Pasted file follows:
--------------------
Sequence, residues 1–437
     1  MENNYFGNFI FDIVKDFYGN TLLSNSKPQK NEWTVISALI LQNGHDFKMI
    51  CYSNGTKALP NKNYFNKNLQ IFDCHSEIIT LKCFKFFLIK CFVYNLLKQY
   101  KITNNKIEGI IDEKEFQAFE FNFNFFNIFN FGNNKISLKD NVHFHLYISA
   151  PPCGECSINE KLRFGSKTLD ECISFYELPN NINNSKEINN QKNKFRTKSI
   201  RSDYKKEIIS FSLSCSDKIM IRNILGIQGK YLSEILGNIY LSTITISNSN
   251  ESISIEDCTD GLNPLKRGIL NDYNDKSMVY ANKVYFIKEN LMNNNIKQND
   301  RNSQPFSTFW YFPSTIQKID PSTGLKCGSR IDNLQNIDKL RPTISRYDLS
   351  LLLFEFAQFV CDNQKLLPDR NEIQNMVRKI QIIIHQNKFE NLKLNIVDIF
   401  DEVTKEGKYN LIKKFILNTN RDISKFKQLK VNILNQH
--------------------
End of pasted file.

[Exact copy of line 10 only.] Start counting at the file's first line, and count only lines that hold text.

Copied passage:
   401  DEVTKEGKYN LIKKFILNTN RDISKFKQLK VNILNQH